CHAPTER 4|Document 7
Thomas Jefferson, Autobiography1821Works 1:66--71, 77--78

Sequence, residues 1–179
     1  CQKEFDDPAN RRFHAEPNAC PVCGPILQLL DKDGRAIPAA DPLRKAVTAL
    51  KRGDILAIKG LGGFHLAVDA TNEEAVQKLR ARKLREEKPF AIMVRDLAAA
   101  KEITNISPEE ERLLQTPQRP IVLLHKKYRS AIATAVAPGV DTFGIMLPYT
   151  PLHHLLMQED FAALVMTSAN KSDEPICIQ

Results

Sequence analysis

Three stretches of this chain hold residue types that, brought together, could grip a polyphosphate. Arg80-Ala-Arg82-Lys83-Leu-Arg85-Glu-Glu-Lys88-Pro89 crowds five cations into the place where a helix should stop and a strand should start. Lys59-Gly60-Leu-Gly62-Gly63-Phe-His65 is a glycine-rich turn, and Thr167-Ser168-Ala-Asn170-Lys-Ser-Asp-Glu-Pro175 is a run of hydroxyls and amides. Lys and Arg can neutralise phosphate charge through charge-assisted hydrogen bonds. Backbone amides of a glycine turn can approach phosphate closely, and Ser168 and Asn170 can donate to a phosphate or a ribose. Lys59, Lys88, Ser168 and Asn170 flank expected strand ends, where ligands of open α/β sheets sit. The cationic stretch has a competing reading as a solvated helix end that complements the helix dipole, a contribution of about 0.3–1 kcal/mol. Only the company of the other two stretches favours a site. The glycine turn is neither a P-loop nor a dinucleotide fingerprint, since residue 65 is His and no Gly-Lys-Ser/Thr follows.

So far we were proceeding in the details of reformation only; selecting points of legislation prominent in character & principle, urgent, and indicative of the strength of the general pulse of reformation. When I left Congress, in 76. it was in the persuasion that our whole code must be reviewed, adapted to our republican form of government, and, now that we had no negatives of Councils, Governors & Kings to restrain us from doing right, that it should be corrected, in all it's parts, with a single eye to reason, & the good of those for whose government it was framed. Early therefore in the session of 76. to which I returned, I moved and presented a bill for the revision of the laws; which was passed on the 24th. of October, and on the 5th. of November Mr. Pendleton, Mr. Wythe, George Mason, Thomas L. Lee and myself were appointed a committee to execute the work. We agreed to meet at Fredericksburg to settle the plan of operation and to distribute the work. We met there accordingly, on the 13th. of January 1777. The first question was whether we should propose to abolish the whole existing system of laws, and prepare a new and complete Institute, or preserve the general system, and only modify it to the present state of things. Mr. Pendleton, contrary to his usual disposition in favor of antient things, was for the former proposition, in which he was joined by Mr. Lee. To this it was objected that to abrogate our whole system would be a bold measure, and probably far beyond the views of the legislature; that they had been in the practice of revising from time to time the laws of the colony, omitting the expired, the repealed and the obsolete, amending only those retained, and probably meant we should now do the same, only including the British statutes as well as our own: that to compose a new Institute like those of Justinian and Bracton, or that of Blackstone, which was the model proposed by Mr. Pendleton, would be an arduous undertaking, of vast research, of great consideration & judgment; and when reduced to a text, every word of that text, from the imperfection of human language, and it's incompetence to express distinctly every shade of idea, would become a subject of question & chicanery until settled by repeated adjudications; that this would involve us for ages in litigation, and render property uncertain until, like the statutes of old, every word had been tried, and settled by numerous decisions, and by new volumes of reports & commentaries; and that no one of us probably would undertake such a work, which, to be systematical, must be the work of one hand. This last was the opinion of Mr. Wythe, Mr. Mason & myself. When we proceeded to the distribution of the work, Mr. Mason excused himself as, being no lawyer, he felt himself unqualified for the work, and he resigned soon after. Mr. Lee excused himself on the same ground, and died indeed in a short time. The other two gentlemen therefore and myself divided the work among us. The common law and statutes to the 4. James I. (when our separate legislature was established) were assigned to me; the British statutes from that period to the present day to Mr. Wythe, and the Virginia laws to Mr. Pendleton. As the law of Descents, & the criminal law fell of course within my portion, I wished the commee to settle the leading principles of these, as a guide for me in framing them. And with respect to the first, I proposed to abolish the law of primogeniture, and to make real estate descendible in parcenary to the next of kin, as personal property is by the statute of distribution. Mr. Pendleton wished to preserve the right of primogeniture, but seeing at once that that could not prevail, he proposed we should adopt the Hebrew principle, and give a double portion to the elder son. I observed that if the eldest son could eat twice as much, or do double work, it might be a natural evidence of his right to a double portion; but being on a par in his powers & wants, with his brothers and sisters, he should be on a par also in the partition of the patrimony, and such was the decision of the other members.